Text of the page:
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Midst of Mass Panic - Chloe

Updated: Oct 16, 2020

“I've never seen anything like this. It was insane. I wasn't thinking logically because I was totally out of it. I was really scared — I was genuinely scared for my life.”

The entrance to Great America's Halloween Haunt

As eerie music played, flame projectors shot bursts of fire into the black sky. They illuminated giant inflated jack-o-lanterns while a carousel cast twinkling lights onto a pool.

It was a couple days prior to Halloween in 2019 and Chloe Sullivan (then 16) and her boyfriend, George (then 17), had just entered California’s Great America’s Halloween Haunt after 3 hours of standing in line. They hoped to be scared, yet they didn’t anticipate the pure, uncontrolled terror that would soon overtake the amusement park.

“I like horror movies so I was really excited,” Chloe said, “but I was also nervous because I get scared super easily.”

She had heard friends praise the Halloween Haunt, so she couldn’t wait to explore its themed haunted mazes, live shows, scare zones, rollercoasters and elaborate decorations.

Chloe and George at their school's winter formal, 2019

Hand-in-hand, Chloe and George shuffled through crowds of people as shrieks and laughs echoed through the artificial fog. Near the center of the park, they began standing in line for their first haunted house, which was located in a graveyard surrounded by tombstones.

Suddenly, at about 10:30 p.m., after the two had been waiting for 15 minutes, a mob of people began running maddenly from the side of the attraction, pushing and screaming and tripping over on another.

Initially, Chloe thought that the people were running from an actor, perhaps a clown, and that it was all fun and games. She couldn't comprehend what they were yelling or what was going on.


“It was such a blur - it all happened so quickly,” Chloe said. “I wasn’t really processing it. It was crazy; it didn't make any sense.”


As the people began running past her, she froze in place — she finally realized that they were screaming that there was a shooting happening, yet she couldn’t move. Although she thought she had heard gunshots, she didn’t fully grasp the danger until she glimpsed her boyfriend’s face.

“He doesn't get scared very easily but that's the first time I've seen him genuinely scared,” Chloe said. “You hear stories about shootings but you don't expect to be in an experience like that.”

Chloe jolted out of her daze when George grabbed her hand and began running, pulling her behind him. They ducked underneath the ropes and began sprinting to the exit.

“George and I were definitely in flight mode, so we sprinted and didn’t care how tired we were,” Chloe said. “I've never run so fast in my life.”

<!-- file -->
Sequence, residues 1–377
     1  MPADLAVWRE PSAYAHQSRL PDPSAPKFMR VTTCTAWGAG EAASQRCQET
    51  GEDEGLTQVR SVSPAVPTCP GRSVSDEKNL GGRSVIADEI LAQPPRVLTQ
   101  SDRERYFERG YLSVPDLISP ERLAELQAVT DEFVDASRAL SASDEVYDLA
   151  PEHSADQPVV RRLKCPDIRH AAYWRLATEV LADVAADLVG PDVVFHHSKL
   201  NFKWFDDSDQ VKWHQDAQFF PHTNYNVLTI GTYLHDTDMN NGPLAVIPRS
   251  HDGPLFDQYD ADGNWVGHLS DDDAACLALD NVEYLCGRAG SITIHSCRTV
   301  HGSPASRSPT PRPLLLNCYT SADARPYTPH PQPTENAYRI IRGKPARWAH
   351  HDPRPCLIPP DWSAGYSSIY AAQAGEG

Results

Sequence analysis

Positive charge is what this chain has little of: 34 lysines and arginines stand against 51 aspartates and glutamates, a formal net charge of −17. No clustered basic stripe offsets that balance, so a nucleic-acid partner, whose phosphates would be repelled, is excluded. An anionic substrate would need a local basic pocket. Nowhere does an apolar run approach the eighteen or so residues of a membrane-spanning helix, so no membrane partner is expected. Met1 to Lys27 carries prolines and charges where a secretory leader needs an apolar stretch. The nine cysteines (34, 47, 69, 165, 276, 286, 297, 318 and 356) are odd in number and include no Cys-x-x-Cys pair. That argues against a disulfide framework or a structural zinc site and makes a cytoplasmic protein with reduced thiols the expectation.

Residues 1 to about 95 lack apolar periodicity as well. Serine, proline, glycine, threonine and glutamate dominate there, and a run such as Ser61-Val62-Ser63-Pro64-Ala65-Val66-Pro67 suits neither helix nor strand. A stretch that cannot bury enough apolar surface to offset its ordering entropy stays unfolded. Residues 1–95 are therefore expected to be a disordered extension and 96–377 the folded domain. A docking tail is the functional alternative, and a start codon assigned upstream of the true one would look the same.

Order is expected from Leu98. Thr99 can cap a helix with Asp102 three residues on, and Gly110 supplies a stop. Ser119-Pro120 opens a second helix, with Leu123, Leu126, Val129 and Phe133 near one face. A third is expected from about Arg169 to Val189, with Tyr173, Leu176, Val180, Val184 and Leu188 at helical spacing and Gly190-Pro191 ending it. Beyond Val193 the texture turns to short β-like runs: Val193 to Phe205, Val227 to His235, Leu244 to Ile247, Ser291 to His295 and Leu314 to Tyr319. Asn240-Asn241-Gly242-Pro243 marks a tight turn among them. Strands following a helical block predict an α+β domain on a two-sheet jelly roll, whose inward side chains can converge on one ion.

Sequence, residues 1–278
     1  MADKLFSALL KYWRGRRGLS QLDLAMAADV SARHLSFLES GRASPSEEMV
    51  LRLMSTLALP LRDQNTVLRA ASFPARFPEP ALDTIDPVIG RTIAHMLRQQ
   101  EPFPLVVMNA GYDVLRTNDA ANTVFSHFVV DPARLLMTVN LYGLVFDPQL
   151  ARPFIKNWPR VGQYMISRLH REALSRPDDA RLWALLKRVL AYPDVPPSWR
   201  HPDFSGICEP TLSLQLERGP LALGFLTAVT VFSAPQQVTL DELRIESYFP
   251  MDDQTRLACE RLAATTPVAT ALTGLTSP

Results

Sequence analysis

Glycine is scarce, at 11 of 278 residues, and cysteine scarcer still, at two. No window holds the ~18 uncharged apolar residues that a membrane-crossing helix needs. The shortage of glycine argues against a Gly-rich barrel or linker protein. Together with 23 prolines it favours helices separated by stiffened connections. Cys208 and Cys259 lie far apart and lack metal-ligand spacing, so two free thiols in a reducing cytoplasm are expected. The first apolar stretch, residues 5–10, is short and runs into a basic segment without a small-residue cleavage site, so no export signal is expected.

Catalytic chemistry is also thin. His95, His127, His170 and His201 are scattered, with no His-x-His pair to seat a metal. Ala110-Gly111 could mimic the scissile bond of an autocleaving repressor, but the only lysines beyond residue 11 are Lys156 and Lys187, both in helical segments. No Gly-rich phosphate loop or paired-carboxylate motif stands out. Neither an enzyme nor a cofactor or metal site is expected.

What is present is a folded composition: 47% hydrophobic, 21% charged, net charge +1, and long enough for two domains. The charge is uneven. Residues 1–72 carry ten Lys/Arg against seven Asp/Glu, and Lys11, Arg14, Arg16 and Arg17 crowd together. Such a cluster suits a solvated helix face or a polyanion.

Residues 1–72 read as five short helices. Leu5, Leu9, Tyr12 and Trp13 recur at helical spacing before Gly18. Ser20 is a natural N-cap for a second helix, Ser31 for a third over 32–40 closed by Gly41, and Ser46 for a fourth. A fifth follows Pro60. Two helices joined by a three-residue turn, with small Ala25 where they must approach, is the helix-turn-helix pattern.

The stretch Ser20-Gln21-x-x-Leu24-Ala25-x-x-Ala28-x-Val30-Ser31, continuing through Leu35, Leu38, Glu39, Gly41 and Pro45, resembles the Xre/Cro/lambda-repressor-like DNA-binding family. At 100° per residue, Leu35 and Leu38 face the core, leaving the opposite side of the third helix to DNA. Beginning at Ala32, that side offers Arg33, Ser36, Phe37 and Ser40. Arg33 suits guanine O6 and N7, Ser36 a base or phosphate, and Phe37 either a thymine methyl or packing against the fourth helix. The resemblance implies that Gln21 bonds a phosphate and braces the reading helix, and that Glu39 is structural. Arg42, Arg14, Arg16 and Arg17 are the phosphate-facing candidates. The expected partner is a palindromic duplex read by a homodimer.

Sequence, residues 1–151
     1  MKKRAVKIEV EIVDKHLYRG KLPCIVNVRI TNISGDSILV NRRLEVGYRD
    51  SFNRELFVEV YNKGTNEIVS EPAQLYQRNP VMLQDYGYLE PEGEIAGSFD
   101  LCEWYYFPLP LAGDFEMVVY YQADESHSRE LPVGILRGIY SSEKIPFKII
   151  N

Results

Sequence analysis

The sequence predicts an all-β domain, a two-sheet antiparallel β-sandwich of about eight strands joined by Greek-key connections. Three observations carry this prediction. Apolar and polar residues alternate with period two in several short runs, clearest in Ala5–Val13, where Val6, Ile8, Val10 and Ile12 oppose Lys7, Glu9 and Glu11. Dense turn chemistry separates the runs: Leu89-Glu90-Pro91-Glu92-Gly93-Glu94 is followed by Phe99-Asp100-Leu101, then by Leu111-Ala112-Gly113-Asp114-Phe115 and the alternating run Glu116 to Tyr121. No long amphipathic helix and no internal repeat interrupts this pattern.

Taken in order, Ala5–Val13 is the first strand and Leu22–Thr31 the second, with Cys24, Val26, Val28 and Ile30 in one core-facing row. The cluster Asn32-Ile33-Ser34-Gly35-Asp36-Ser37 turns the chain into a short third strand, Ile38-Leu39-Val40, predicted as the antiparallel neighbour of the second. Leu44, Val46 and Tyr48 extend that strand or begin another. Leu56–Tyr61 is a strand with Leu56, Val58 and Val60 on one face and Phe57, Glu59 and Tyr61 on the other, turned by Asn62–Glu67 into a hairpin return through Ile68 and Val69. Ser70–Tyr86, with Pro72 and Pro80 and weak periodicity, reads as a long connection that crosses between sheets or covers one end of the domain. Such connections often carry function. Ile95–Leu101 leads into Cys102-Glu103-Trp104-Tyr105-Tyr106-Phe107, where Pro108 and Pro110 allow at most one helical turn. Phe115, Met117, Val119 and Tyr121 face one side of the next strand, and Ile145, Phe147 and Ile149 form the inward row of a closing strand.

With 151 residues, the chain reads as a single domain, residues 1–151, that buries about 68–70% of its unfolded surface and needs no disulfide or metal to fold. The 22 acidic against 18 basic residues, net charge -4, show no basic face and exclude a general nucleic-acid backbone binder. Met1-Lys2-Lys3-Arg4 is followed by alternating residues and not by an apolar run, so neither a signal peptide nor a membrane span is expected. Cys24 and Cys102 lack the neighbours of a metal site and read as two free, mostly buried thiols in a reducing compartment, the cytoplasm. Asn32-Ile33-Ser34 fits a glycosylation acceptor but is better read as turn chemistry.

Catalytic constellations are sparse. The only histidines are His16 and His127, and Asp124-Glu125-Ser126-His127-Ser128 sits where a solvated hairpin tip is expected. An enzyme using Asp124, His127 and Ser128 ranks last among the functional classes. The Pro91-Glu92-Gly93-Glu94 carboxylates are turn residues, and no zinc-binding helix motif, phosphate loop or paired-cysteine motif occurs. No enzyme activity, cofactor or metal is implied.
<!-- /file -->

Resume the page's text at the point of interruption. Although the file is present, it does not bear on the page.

All around them, people shoved and yelled. About a dozen people crouched behind the fake tombstones near the haunted house. Kids cried. Trash scattered the ground. The park was in a state of mass, senseless panic.

“I've never seen anything like this,” Chloe said. “Everyone was running; everyone was screaming. It was insane. I wasn't thinking logically because I was totally out of it. I was really scared — I was genuinely scared for my life.”

Some people jumped over chairs, darted across tables and climbed fences. A few stood petrified in the middle of paths, wearing expressions of shock as George screamed at them to run. George later told Chloe that he had seen a little kid trying to find his parents while getting pushed by the swarm of strangers shoving past him.

She said that it felt like “everyone was ‘one man for himself.’” She had never been as scared as she was in that instance.


“The whole thing felt fake,” Chloe said. “It was so surreal. We were so scared of what was going on that we were sweating and shaking so much.”


Chloe and George ran through the exit of the park as the sound of sirens magnified. The line they had been standing in was near the front of the park, so they were able to flee quickly— in about 5 to 10 minutes. Weaving through other people rushing around the parking lot, they found George’s car.

Chloe, tears streaming down her cheeks, called her mom and then George’s, stumbling over her words as she tried to explain what was happening. She remembers thinking that their mothers must have been terrified.

At about 1 a.m., they reached Chloe’s house, shaken up and still in shock. George’s mom and sister were already there. For the next hour, they sat with their families in the kitchen, trying to calm down and figure out what had happened.

Reports released later that night attributed the panic to a mistaken belief of an active shooting following armed robberies and fights. The Santa Clara Police Department later stated that about 100 teens (some who had tasers) had attacked visitors to steal valuables like wallets and phones. Chloe said she felt enraged when the park re-opened at 11:10 p.m the same night and remained open until the initial closing time of 1 a.m.

Although the Santa Clara Police Department stated that no guns were fired, many on social media sites like Twitter were skeptical, according to Chloe. In the comments, people claimed that they had heard shots.

Chloe said that night made her realize how grateful she was for George and her family, as she could tell how terrified they were for her. She hopes that the scare prepared her to act more quickly in future unsafe situations.

“I need to learn how to take action immediately rather than wait,” Chloe said. “If George wasn't there, I would have taken a longer time to get out. I would want to grow from what happened and learn how to handle dangerous situations better and listen to my instincts more.”

Chloe and George at the beach

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